The frame of the craft is provided atithe device. The amount of power developed will
sides with overhangs or brackets comprising depend upon the velocity of‘ the current and the
longitudinal bars 36 and transverse bars 31 as area of hydraulic buckets opposed to the flow.
best shown in Figure 2 for the purpose ofv en I The hydraulic buckets can be made to penetrate
gaging pontoons 38. VThese'pontoons aret-c- be the water'slightly or to their full depth by ad
used when the buckets have insu?icient buoy ' mitting or expelling water to or' from the pontoons 20
ancy ‘to float the craft, and are used as auxiliary or ballast tanks, or both. .
equipment for raising thev craft ‘out of the water JIt. will. be. pointed out that preferably the
‘for towing, repairing,’ or other purposes. The spuds I9 are formed of hollow- tubingof light
pontoons are of conventional type. The pon
weight so as to be easily transported and erected,
toons push up‘against ithetransverse bars v.31 as ' and in use it is intended that after the spuds l
“the water
expelled from. them in the usual
rl'he velocity of ?owing water "will generally
are set in position water will be injected into
the spuds to any desired level so that weight
and stability will be added to the spuds to pre
vary from one to sixmiles per hour so that it is
necessary to provide a system of power trans
ventany danger of accidental-dislodgement.
mission ‘from the sprocket wheels of the sprocket
wheelshaft 35 to the electric generators 39, or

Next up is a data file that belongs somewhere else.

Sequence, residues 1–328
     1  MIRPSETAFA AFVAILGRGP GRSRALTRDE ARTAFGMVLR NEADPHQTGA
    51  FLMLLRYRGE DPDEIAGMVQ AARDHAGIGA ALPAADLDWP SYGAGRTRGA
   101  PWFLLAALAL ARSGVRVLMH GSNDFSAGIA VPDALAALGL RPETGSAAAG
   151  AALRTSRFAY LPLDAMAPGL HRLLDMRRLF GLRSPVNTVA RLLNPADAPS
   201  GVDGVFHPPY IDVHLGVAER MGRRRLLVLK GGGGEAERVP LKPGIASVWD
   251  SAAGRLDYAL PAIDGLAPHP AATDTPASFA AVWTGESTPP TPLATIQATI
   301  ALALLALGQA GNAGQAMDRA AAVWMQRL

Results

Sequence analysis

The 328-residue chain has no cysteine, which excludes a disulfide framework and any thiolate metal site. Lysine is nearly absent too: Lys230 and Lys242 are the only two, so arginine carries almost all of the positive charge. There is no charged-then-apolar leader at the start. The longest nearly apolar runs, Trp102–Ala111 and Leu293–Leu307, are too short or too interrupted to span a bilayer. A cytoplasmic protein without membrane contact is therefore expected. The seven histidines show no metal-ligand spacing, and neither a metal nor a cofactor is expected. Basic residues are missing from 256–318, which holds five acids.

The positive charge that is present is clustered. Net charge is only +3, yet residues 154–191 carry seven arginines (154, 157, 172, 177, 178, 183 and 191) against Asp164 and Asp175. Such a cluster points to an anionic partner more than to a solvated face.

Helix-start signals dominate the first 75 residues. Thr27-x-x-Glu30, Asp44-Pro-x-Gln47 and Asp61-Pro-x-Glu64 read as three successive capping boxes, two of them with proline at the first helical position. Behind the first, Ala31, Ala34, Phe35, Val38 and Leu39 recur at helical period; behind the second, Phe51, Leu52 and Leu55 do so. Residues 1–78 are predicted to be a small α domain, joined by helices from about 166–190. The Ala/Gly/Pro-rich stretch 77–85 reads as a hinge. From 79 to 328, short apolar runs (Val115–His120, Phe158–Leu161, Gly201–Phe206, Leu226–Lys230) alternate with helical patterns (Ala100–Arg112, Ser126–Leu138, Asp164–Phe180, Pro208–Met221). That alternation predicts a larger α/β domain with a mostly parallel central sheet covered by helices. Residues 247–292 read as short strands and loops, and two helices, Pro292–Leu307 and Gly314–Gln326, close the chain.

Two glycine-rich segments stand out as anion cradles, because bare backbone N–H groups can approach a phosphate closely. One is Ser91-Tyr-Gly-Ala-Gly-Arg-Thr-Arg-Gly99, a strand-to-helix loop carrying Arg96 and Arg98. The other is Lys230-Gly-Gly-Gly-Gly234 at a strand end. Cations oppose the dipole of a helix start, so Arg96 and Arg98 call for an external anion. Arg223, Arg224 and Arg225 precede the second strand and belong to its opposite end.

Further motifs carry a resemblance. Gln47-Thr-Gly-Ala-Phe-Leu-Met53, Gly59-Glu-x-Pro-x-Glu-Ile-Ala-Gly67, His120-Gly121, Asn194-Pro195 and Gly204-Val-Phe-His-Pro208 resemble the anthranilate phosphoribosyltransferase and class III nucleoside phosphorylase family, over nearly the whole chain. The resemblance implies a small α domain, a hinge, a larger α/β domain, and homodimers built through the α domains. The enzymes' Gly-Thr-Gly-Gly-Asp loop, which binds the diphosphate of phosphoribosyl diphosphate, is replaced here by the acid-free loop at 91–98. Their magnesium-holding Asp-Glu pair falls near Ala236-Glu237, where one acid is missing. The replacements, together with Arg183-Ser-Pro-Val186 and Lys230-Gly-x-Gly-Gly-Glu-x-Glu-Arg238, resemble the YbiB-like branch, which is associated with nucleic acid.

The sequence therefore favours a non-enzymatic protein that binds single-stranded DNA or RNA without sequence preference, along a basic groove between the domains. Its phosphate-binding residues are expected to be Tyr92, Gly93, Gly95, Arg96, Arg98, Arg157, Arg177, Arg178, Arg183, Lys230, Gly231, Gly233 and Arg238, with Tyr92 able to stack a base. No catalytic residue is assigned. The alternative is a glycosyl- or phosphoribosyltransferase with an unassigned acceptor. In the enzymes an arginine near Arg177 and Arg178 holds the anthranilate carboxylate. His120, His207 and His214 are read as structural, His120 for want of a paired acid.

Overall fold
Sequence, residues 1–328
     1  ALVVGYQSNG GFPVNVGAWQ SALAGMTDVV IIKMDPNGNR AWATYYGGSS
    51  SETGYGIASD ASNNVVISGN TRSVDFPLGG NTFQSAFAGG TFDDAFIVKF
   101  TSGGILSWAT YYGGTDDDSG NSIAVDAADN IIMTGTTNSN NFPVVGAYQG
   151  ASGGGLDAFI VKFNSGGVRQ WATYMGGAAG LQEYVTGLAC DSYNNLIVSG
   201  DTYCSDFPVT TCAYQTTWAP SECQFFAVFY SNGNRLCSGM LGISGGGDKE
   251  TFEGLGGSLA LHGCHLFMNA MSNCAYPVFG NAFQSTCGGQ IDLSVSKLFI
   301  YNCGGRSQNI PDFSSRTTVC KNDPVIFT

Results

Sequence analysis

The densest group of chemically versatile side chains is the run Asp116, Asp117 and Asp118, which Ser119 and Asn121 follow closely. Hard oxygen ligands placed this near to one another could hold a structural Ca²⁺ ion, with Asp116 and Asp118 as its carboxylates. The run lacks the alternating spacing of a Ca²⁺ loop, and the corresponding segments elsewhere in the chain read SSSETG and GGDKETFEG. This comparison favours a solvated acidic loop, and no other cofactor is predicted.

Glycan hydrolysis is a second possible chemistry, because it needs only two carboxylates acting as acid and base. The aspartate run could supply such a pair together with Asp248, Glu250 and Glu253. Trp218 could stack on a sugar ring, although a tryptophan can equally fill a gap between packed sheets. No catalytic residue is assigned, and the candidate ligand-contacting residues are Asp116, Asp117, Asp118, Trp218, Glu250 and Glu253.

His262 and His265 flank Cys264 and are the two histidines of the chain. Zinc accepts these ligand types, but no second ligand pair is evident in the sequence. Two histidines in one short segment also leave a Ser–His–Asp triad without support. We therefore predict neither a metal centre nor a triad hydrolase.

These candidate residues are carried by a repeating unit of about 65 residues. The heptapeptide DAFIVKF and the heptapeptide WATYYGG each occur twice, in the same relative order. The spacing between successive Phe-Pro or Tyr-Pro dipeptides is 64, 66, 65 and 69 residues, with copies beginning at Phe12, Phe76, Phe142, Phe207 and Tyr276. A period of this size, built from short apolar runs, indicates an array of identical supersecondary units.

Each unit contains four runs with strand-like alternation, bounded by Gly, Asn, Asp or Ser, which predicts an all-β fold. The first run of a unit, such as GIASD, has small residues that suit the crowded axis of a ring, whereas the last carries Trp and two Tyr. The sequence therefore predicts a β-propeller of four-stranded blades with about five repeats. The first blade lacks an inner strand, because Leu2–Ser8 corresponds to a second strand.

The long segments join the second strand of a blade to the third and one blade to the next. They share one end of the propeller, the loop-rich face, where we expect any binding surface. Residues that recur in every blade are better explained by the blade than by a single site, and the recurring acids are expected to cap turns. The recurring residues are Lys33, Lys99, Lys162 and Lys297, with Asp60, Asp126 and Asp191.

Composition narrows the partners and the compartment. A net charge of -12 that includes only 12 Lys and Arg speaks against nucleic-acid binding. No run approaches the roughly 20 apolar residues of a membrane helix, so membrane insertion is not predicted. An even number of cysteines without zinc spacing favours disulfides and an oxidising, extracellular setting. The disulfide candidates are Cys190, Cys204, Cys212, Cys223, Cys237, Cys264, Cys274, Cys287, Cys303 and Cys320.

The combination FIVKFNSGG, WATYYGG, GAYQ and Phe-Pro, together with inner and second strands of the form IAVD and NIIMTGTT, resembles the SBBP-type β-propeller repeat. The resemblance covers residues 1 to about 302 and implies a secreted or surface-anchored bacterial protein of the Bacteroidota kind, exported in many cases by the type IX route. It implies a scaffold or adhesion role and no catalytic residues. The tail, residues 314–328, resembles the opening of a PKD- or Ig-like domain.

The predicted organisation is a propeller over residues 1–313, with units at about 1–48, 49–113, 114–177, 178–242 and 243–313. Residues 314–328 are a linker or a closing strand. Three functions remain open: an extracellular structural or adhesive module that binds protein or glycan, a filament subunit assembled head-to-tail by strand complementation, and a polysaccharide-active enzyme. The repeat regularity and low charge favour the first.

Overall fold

other apparatus, that will ‘be greater than .the
speed of. the ?owing water was to obtain the
required revolutions'per. minute ‘(of the devices
the construction and operation of the invention
‘will be fully understood without further expla
to‘ which the power is delivered. For this purpose
the. present embodiment of the invention illus
rails forming a track open at both ends on the
frame, av free moving endless hydraulic bucket
itratesi a large vpulley-4!], best shown in Figure 1,
chain'ha'ving wheels riding upon the track, said
chaingbeing adapted to ‘be reversed indirection
vwhich is either ?xed to one ofthe sprocket
40 wheels'ZZ or to the shaft 35 of one of the sprock
et 'wheelsand is connectedyby a belt. 4| to av
small belt pulley ?xed to a shaft 42 which is
carried by the frame of the device. . A plurality
of large belt pulleys 43 is. secured to the driven
‘shaft 42 and these beltyipulleysare connected
by belts £4 to‘ the corresponding electric gener
ators 39, or other apparatus,‘ three of these being
From the above description it is thought that 30
What is claimed is;
In a current, motor, a frame, spaced parallel 35
of travel on the track when current ?ow is re
versed, buckets on the chain, an axle rigidly se
cured to the base of'each bucket, said track
supporting the upper reach’ of the chain in a
horizontal position, the, track terminating short
of each end of said‘-_reach,-andpsprocket wheels
engaging the axle and moved by the chain, the
upper'p'ortions of the sprocket wheels being sub
stantially ‘level with the ends‘ of the track so
11 Water ballasttanks 45 .and‘46, best shown in 7 that: thechainmay move in either direction on
Figures 3 and .2; respectively, are mounted on' the'track without obstruction. '
7 l illustrated in the presentlernbodiment. ,.
the frame near the four- corners thereof for the